When we started the Wahine in Hawaii Business program last year, we knew that successful women prefer to be known for their accomplishments, not their gender. At the same time, gender’s influence on career attainment is unmistakable. Of the 753 senior executives of Hawaii Business’ Top 250 companies, only 132 are female — that’s about one in six. Women lead only 16 of those 250 companies. Somewhere between those numbers and the perspective that “gender is irrelevant,” there must be room for a conversation.
Overt discrimination has been greatly reduced, and the reasons for women’s underrepresentation among business leaders are nuanced. But as managers, we need to ask ourselves where we are looking for talent, and whether we would recognize it if we saw it.
Are we creating environments for our employees to express their
creativity and realize their potential? Have we examined our blind spots or preferences for advancing people like ourselves, rather than those who bring different value to our organizations?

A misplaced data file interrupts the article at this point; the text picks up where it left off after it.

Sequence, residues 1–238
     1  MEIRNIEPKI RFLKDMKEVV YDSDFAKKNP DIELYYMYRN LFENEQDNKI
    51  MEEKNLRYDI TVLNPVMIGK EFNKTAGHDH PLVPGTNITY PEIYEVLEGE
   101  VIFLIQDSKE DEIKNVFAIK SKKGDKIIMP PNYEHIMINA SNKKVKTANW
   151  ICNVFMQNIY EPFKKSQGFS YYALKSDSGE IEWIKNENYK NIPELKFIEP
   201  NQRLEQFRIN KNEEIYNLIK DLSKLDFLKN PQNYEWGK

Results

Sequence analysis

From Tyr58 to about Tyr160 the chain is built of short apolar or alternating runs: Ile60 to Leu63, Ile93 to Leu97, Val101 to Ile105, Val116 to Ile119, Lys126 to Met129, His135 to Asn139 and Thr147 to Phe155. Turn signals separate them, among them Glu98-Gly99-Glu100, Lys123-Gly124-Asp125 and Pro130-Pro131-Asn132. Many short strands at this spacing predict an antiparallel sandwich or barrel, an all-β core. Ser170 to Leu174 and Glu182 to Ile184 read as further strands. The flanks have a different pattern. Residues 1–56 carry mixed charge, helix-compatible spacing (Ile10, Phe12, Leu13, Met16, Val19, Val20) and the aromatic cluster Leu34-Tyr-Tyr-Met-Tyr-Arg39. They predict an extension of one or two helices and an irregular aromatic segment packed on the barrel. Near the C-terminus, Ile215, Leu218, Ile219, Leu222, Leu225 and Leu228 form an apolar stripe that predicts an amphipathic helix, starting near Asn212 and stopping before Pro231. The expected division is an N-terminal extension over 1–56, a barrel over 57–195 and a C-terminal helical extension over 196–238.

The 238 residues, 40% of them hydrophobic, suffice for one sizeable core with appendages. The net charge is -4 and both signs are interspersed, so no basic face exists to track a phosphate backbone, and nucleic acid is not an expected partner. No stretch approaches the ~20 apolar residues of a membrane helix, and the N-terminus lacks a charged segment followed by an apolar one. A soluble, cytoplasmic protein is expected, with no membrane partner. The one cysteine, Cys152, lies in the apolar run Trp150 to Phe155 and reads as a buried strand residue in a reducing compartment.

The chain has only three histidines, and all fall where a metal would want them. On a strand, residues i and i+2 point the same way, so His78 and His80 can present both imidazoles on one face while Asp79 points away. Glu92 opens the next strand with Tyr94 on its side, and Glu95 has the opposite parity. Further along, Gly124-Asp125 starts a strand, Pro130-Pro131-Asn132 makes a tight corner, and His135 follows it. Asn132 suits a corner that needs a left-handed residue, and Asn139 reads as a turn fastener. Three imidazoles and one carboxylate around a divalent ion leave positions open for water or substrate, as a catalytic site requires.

Perhaps gender inequality is a measure of institutional inertia, when surely a more diverse pool of ideas would be valuable for any company. Five years of studies of Fortune 500 companies have found companies that aggressively promote women to leadership consistently outperform industry medians; overall profits for the best firms for women were 34 percent higher than for those who did not aggressively promote women.
We are pleased to combine forces this year with the Junior League of Honolulu to present the second annual Wahine in Hawaii Business Forum on July 14. Our goals are well aligned with those of the Junior League, which formed 85 years ago to help women and the community achieve their potentials.
The Wahine Forum is designed to elevate the status of Hawaii business- women by providing practical skills for executives and entrepreneurs via workshops taught by businesswomen at the top of their game. Our partnership with the Junior League adds new “HerStory” sessions on global voluntarism and community development with appeal not only for leading businesswomen, but for aspiring and successful women from throughout our community.
We hope that you will join us at this year’s Wahine Forum. More information is at www.theWahineForum.com.